Ember is wheelchair-bound, ever since he was involved in a car accident that killed his wife and young son. Whenever he enters another person's mind though, his "supernatural self" can walk and move normally. Ember enters the mind of a possessed man, which looks like a  glitzy nightclub filled with beautiful women who fawn all over him. Naturally the man doesn't want to leave this swanky setup, but Ember convinces him that none of it's real, and talks him into jumping out an imaginary window (!) to end the demon's hold on him. 

It's patently obvious that this entire sequence exists just to show us how Ember's powers work. 

Ember wakes up in the real world, and his support team (who I think are named Ilsa and Oliver) ask if the demon he just evicted was "Maggie." Ember looks disappointed and says no. Apparently there's a demon named Maggie out there, who has a real grudge against Ember (for reasons that are never quite clear). Years ago Maggie possessed a drunk driver, causing her to slam into car into Ember's, paralyzing him and killing his family.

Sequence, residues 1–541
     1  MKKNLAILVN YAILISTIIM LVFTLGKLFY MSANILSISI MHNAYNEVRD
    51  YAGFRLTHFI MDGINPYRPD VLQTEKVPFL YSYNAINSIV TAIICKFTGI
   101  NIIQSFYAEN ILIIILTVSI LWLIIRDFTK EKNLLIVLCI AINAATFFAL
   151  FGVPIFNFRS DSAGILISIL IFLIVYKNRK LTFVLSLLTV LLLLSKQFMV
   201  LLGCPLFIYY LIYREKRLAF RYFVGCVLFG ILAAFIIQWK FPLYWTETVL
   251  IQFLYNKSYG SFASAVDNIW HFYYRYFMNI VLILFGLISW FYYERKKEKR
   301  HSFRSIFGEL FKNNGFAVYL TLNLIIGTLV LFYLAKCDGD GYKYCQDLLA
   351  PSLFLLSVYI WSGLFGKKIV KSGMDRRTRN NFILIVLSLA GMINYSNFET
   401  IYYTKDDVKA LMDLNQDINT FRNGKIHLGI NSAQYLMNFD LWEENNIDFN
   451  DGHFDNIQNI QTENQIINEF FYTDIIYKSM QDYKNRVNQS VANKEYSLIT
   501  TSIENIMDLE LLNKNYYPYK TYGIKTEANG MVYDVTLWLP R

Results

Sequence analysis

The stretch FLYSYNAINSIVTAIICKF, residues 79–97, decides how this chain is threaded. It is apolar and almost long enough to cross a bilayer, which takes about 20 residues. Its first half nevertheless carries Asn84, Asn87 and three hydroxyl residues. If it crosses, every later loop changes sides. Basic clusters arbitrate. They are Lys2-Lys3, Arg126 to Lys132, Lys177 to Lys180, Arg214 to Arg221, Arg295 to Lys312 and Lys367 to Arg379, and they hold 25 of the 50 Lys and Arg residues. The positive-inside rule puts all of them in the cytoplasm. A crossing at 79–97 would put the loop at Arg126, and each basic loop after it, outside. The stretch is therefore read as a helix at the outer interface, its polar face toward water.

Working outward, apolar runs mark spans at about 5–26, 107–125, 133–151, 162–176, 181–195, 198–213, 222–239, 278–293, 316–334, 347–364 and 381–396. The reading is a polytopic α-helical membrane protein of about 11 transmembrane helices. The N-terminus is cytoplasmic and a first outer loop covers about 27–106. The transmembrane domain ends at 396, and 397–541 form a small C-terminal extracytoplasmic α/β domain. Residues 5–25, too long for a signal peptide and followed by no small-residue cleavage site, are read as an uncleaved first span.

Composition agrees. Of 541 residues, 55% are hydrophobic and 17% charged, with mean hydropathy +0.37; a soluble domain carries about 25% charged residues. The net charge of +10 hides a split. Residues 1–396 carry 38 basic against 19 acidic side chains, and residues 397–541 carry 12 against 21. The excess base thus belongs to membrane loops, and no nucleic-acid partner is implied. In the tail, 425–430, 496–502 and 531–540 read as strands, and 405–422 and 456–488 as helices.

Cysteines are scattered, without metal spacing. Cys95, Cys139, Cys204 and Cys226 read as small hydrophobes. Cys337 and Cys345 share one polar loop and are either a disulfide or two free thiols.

Meanwhile, single mom Lindsay (no last names, please) and her young son Cameron come home to their apartment. Cameron sees a scary homeless woman in the alley, and hurries into the house. That night, Cameron hears a noise in the kitchen. He gets up to investigate, and is attacked by the scary homeless woman. 

As it turns out, the woman is possessed by a demon, which jumps into Cameron's body. He then snaps the homeless woman's neck (!).

Ember receives a visit from Camilla, a distractingly hot representative of the Catholic Church. She want's Ember to investigate Cameron, to see if he's really possessed or not. Naturally he refuses at first, as he wants nothing to do with the Church (and to drag out the run time, but eventually agrees.